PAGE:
Study: Adults Set Poor Example for Text-Driving Teens

Paul Lilly

As it turns out, you're correct in cussing text-happy teens who get behind the wheel and pay equal parts attention to driving and texting, but save a few obscenities for adults, too. According to a new study by The Pew Research Center's Internet & American Life Project, grownups are just as likely to fire off a text while cruising down the road as teenagers are.

The research shows that some 47 percent of adults who text admit to doing so while driving. Compare that to a Pew study last year in which 34 percent of 16- and 17-year-olds said they send and receive texts while behind the wheel. After factoring in that not everyone owns a cell phone, the report said that 27 percent of of U.S. adults are guilty of texting while driving, compared to 26 percent of 16- and 17-year olds.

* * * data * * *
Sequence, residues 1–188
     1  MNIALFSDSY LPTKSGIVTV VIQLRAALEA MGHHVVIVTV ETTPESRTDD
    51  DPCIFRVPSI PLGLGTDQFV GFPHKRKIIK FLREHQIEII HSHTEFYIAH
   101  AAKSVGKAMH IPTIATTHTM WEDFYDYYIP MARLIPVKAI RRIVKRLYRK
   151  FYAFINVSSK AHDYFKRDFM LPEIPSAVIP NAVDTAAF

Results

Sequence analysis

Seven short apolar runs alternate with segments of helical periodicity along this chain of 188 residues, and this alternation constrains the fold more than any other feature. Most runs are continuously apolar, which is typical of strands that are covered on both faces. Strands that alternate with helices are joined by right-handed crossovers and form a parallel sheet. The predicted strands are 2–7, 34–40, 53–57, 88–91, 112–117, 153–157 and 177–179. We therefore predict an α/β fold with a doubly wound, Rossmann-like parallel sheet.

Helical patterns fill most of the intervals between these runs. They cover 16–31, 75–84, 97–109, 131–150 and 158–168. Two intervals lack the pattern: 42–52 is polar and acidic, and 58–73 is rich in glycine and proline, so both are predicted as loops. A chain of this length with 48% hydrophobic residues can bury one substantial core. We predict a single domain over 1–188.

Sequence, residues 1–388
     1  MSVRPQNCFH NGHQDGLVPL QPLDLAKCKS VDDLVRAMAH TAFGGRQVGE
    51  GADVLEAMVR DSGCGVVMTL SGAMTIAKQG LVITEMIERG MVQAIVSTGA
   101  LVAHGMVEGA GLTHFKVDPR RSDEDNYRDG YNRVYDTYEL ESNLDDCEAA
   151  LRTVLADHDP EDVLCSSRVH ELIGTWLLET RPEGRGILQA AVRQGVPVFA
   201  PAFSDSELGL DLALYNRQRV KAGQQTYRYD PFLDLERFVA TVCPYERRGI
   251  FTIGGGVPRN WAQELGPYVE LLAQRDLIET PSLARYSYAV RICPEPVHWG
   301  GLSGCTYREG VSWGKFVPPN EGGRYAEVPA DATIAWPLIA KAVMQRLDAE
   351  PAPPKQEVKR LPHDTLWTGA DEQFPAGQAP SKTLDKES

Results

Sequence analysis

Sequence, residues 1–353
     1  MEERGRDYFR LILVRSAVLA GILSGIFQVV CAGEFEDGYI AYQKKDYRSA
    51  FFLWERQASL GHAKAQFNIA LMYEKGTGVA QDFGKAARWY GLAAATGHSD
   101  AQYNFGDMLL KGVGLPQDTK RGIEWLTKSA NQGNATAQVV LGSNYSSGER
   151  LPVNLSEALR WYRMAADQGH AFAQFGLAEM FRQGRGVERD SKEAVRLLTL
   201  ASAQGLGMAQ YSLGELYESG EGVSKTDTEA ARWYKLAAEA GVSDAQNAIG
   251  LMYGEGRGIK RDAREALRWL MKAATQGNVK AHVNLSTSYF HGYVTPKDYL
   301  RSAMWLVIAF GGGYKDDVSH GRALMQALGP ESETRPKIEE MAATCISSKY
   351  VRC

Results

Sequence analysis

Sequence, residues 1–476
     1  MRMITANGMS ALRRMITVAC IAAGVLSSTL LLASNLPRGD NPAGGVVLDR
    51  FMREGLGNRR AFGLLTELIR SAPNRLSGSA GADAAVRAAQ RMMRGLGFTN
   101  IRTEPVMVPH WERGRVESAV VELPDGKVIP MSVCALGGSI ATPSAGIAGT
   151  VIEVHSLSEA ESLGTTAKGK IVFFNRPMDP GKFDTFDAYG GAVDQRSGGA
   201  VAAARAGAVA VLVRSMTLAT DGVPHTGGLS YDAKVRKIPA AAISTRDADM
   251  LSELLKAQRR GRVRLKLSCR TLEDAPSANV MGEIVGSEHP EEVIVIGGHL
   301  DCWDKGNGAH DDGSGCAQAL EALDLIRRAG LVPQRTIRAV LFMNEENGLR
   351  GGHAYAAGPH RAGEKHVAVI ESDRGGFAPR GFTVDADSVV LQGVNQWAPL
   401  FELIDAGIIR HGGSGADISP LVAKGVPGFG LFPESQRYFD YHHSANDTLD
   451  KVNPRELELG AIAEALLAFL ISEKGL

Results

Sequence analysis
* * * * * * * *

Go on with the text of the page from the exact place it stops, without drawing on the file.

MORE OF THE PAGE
What's more, adults are more likely to yap at each other on their cell phones while driving, the study shows. That number comes out to 75 percent, compared to 52 percent of teenagers, or when using the same fuzzy math as before, 61 percent and 43 percent, respectively.

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